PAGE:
Figure 6: Different viscosity values for various oil condition states at 100°C
As part of the same set-up in the power-gen equipment, viscosity of diesel fuel, combined with contamination in the fuel was measured at various temperatures. The contamination consisted of water and kerosene, and all conditions were measured at 25 degrees C and 40 degrees C. As the data in Figure 7 clearly shows, the ViSmart is capable of monitoring the fuel viscosity and ensuring that it is within performance parameters.
Figure 7: Different viscosity values for various fuel quality states at 25°C and 40°C
All of the data above indicates that with simple logic employed at the remote monitoring station, together with warning and alarm conditions, the viscosity and temperature of oil and fuel acquired can monitor the proper conditions needed for the power-gen equipment to function reliably without dow-time.
The commercially available ViSmart viscosity sensor can be readily applied in field operations or installed directly on the equipment for continuous monitoring of viscosity to enable the mechanic personnel to test the oil or fuel in minutes. It would be complementary to lab oil analysis test burden by providing real-time viscosity data and would enable streamlining of logistic costs. And given no calibration is required for the rugged vibration and shock-proof sensor, once it is installed in a harsh industrial environments, maintenance costs are extremely low.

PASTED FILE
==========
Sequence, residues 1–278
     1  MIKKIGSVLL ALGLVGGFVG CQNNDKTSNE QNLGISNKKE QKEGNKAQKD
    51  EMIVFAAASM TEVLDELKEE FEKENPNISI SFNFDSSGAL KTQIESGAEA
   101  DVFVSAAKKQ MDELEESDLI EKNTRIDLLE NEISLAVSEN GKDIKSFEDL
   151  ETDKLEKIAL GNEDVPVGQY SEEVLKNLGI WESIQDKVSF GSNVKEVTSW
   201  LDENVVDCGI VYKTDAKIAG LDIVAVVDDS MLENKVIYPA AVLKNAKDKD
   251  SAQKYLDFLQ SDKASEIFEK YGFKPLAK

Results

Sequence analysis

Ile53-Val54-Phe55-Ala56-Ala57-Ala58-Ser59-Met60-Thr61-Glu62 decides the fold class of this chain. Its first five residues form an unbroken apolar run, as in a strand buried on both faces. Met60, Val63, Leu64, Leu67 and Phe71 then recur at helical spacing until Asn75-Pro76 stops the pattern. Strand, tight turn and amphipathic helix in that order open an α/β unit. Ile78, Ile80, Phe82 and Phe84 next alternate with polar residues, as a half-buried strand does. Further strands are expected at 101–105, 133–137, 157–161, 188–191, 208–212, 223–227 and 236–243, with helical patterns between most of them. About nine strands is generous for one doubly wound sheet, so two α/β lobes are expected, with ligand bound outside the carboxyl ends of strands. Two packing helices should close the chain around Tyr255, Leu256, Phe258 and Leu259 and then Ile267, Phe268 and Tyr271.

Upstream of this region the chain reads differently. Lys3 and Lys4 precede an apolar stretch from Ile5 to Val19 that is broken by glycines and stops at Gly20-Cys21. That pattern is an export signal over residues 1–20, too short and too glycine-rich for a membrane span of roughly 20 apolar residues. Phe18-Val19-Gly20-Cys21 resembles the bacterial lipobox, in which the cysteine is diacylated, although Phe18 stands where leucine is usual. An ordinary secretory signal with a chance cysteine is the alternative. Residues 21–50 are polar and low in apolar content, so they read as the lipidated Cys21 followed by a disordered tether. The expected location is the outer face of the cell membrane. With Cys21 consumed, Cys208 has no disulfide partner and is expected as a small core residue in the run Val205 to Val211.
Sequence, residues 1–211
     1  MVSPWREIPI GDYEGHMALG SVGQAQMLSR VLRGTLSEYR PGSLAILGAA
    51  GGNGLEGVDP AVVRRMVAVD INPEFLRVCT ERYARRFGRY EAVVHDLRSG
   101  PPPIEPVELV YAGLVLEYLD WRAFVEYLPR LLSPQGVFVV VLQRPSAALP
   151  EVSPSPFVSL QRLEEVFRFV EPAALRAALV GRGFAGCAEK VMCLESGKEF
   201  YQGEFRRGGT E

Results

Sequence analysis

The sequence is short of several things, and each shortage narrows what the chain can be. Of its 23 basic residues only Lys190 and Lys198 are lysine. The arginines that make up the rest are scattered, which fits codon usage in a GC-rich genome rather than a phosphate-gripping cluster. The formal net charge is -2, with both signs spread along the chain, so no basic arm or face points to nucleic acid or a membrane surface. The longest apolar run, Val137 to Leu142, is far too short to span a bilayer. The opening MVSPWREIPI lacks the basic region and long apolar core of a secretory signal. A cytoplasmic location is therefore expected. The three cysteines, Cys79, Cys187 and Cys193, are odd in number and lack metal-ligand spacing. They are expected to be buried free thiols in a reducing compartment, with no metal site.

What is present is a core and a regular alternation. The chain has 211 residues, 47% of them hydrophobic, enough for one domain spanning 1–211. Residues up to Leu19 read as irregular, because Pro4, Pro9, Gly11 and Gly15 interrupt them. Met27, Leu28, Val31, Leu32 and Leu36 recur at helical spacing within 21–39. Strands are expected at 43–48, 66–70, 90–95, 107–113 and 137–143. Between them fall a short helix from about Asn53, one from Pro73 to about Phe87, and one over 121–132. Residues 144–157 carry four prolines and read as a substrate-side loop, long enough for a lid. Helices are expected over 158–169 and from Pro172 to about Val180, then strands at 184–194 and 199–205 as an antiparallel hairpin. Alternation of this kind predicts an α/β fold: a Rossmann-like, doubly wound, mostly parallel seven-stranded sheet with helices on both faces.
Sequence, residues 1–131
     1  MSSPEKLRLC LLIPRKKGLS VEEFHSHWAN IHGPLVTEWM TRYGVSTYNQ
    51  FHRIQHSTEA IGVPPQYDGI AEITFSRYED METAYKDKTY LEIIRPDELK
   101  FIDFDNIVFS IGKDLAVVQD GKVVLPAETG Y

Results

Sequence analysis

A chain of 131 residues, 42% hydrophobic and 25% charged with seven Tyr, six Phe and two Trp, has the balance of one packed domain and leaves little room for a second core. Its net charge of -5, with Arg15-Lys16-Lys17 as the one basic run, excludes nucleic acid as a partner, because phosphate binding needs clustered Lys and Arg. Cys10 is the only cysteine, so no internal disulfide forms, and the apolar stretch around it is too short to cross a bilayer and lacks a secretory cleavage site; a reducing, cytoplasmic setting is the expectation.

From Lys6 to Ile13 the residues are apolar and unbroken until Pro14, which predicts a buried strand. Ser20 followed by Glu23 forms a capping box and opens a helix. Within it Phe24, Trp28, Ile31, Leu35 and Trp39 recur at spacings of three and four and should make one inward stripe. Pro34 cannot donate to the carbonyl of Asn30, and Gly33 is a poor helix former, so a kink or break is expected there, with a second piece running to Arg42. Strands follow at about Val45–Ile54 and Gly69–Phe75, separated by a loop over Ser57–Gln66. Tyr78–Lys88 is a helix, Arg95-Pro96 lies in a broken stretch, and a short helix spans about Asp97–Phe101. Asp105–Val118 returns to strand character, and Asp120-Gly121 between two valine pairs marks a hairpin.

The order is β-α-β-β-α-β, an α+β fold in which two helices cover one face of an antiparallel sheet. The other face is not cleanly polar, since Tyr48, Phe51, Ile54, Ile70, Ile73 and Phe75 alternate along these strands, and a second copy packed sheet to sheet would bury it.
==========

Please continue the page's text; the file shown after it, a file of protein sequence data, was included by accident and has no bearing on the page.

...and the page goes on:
The sensors are currently used in 24/7 applications in the commercial sector, with real-time data transfer for decision-making abilities. The real-time in-line threaded bolt sensor can be fully immersed in the oil and/or fuel and be simply used for spot-checking or continuous monitoring. Providing real-time viscosity data and using the sensor continuously would provide the necessary information to personnel to make critical decisions in actual field applications leading to extension of machine life and maintenance schedules while complimenting the other oil quality parameter data stream obtained from the labs.
If you would like to learn more about SenGenuity sensors, the markets that the company serves and customer applications it strives to address, contact the Application Engineering group at email@example.com. Additional information can be found at www.sengenuity.com.